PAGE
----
Cabbage—a perfect match boiled with corned beef, the obvious choice as coleslaw for a BBQ plate. This cruciferous vegetable can be overlooked given its relegated role as a sidekick side dish. Cabbage is always the bridesmaid, never the bride. However, cabbage has an impressive lineup of star qualities that can, and should, put this humble vegetable front and center. Its year-round accessibility, versatility in preparation, notable nutritional value, and excellent storage qualities make it an easy choice for institutions purchasing local New York grown produce.
New York Grown Food Guides offer information and resources to support institutions in identifying, sourcing, and procuring local foods from the state. The Guides, along with the Farm to Institution New York State Local Food Buyer Learning Center toolkits, equip food service and procurement staff with education and training to incorporate local products into meals to improve the health of New Yorkers and local economies statewide.
Crunch on This: Cabbage Facts
Cabbage belongs to the Cruciferae family of vegetables, along with broccoli, collards, kale and Brussels sprouts. Three major types include Brassica oleracea (green and red) and Savoy. The two most common types of Chinese cabbage are Bok Choy and Napa cabbage.
New York is one of the largest producers of cabbage (second only to California) with 10,000+ acres harvested. 3
New York produces 14.7% of the United States’ total production of cabbage, totaling 3,445,000 units. 4
Cooler climates, such as New York’s Finger Lakes and Western regions, lead to an ideal environment for cabbage production.
Of the 100 varieties of cabbage grown throughout the world, more than 30 varieties are harvested in New York. Cabbage is one of the oldest vegetables in existence and continues to be a dietary staple throughout the world. 5
Cabbage is a cruciferous vegetable that is rich in phytochemicals, which help boost the immune system and lower the risk of heart disease and certain types of cancer.
While low in calories and consisting of roughly 90% water, cabbage is a nutritional powerhouse that is an excellent source of manganese, vitamin B6, and folate; and a good source of thiamin, riboflavin, calcium, potassium, vitamin A, tryptophan, protein, and magnesium. 6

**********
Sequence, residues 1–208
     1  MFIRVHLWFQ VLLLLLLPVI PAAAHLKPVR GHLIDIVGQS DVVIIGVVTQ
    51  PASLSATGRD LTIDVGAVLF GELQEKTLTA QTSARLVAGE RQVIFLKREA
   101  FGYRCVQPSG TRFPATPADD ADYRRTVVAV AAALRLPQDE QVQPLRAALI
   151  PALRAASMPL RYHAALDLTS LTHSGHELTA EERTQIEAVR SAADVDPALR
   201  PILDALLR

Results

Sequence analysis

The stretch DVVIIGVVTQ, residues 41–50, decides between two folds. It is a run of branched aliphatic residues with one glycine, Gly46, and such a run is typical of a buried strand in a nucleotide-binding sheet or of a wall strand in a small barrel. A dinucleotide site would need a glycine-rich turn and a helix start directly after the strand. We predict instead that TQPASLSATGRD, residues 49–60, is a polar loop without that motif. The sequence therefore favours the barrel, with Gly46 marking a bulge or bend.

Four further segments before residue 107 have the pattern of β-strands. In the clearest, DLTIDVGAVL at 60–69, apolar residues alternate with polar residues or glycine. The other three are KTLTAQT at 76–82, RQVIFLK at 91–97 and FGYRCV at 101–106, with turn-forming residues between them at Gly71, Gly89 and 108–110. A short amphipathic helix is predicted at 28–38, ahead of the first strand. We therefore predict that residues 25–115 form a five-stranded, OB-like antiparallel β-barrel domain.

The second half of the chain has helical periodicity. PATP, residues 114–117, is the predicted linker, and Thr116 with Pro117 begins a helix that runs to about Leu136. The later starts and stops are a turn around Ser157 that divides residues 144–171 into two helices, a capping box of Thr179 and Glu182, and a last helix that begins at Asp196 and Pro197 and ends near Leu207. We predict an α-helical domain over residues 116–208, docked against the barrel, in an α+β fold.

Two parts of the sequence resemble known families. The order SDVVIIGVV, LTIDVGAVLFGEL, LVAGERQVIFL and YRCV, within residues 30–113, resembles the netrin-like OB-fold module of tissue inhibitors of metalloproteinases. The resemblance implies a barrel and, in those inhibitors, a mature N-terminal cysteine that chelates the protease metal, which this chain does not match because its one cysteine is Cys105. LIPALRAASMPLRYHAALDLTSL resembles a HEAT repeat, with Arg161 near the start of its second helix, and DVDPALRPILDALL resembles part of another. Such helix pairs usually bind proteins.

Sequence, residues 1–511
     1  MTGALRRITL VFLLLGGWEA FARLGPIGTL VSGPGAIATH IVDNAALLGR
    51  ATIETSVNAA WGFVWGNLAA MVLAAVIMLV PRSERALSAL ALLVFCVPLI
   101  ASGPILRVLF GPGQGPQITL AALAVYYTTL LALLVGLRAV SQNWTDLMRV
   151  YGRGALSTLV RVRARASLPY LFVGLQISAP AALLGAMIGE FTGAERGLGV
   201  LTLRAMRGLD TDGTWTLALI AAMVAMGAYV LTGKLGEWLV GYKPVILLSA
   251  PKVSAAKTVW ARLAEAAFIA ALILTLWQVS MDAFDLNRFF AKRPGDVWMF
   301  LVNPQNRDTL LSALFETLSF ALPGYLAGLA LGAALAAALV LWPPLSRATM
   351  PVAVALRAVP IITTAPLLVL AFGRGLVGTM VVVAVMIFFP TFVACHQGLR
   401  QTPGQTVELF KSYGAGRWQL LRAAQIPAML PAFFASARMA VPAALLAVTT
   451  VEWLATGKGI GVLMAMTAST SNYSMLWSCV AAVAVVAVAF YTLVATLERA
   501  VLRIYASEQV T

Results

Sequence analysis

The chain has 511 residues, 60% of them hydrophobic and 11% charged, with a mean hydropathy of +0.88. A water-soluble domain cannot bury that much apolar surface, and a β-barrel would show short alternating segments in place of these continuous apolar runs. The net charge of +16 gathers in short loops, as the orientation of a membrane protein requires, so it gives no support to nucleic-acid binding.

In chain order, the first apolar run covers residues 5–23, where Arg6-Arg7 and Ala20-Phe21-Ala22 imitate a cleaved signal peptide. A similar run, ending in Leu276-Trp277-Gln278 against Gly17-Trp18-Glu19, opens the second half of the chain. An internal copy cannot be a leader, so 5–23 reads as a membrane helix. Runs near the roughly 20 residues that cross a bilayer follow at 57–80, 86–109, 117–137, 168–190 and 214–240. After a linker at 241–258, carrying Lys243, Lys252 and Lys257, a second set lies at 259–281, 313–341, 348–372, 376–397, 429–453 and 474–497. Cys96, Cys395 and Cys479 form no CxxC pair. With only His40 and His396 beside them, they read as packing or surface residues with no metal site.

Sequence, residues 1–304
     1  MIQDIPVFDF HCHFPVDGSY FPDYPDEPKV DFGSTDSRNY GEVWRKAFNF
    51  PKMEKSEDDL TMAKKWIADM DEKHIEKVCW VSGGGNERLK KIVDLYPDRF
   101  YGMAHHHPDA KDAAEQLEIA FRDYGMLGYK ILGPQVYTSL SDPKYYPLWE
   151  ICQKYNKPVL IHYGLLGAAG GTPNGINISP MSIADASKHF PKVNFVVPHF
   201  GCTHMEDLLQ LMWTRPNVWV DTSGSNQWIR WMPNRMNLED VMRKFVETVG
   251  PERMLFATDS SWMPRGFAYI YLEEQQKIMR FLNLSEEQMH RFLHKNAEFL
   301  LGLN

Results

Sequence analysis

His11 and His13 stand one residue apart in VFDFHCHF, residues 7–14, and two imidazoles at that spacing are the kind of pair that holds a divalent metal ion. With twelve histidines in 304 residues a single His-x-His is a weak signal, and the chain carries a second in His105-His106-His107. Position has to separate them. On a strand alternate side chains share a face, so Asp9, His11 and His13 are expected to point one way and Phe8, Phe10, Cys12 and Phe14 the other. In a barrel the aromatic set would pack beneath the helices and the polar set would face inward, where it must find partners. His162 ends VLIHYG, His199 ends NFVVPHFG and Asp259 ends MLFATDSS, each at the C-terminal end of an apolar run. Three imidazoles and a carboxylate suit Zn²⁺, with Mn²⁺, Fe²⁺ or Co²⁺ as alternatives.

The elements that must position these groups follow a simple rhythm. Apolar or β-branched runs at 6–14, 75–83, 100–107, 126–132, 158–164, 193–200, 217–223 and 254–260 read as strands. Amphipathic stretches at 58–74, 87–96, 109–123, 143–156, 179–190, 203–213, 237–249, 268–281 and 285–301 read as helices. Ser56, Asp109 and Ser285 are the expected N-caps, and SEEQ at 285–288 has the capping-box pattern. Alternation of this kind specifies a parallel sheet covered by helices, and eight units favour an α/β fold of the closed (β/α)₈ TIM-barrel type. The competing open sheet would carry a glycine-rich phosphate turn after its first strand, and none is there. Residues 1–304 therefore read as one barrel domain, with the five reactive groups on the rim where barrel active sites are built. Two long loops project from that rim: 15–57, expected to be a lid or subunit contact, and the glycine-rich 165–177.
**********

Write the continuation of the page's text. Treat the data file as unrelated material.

Availability, Pack Sizes, Varieties, Grading and Quality Characteristics
Cabbage is available nearly year-round—11 months out of the year! It is harvested in summer to fall, sold fresh-cut until December, then available from cold storage until May or June. Specifically, it’s harvested twice in New York. The early summer harvest yields tender cabbages perfect for slaws and salads. The second fall harvest yields tight, dense cabbage heads that have an excellent storage life.
The selection and procurement of quality cabbage depends on a variety of factors, including knowledge of pack sizes, cabbage varieties, and how to determine quality characteristics for each variety. The information below identifies common varieties of cabbage, as well as selection criteria and storage best practices.
U.S. No. 1
When selecting cabbage, look for:
Solid, firm, clean, and heavy heads
Napa cabbage heads will be lighter and softer with more air between leaves
Heads that are not withered, puffy, or burst
Cabbage should be free from soft rot, seed stems, discoloration/browning, and damage caused by insects or machines
Stems should be cleanly cut so that they do not extend more than one-half inch beyond the point of attachment of the outermost leaves
Below you will find information to obtain local produce, including New York cabbage. Distributor contact information is subject to change, and we encourage you to reach out to vendors directly to confirm availability and ordering procedures.
Early Childhood and Lower Elementary: Dyeing with Red Cabbage
Upper Elementary: More Dyeing with Red Cabbage
Middle School: Cabbage Juice Indicator
High School: Eat Your Phytochemical Colors
For Newcomb Central School’s January Harvest of the Month feature on cabbage, Food Service Director Dave Hughes collaborated with Meghan Brooks of Cornell Cooperative Extension of Essex County to bring cabbage into the classroom with a lesson on the production process behind sauerkraut. Cabbage was procured from Juniper Hill Farm, shredded at the Hub on the Hill, and then brought into the seventh and eighth grade science classroom. Meghan’s lesson was designed to incorporate a scientific understanding into the food students were going to be eating, with the goal of increasing the likelihood that students will taste the sauerkraut when it is served in their school lunch. When talking about the sauerkraut curriculum, Meghan says, “I wanted to show the students the science behind fermentation. ‘This is what happens, this is how a simple vegetable can turn into a vegetable full of probiotic goodness that’s good for you in all these different ways,’ making it a little more tangible for students.”
Meghan’s lesson covered fermentation, how the process works, the history of the method, and what fermented products other than sauerkraut students might be seeing and eating regularly. Students then put all their new science into practice by making sauerkraut together, which was then brought back to the Hub on the Hill for monitoring during the fermentation time. Once ready, Meghan will bring the sauerkraut back to Newcomb Central School for a tasting and sensory analysis – incorporating the entire process into curriculum. Both Meghan and Dave cite their shared enthusiasm for farm to school, existing working relationship, cooperation from teachers at Newcomb, and the resources made available by local farms and the Hub on the Hill as the main contributing factors for successfully bringing farm to school into the classroom.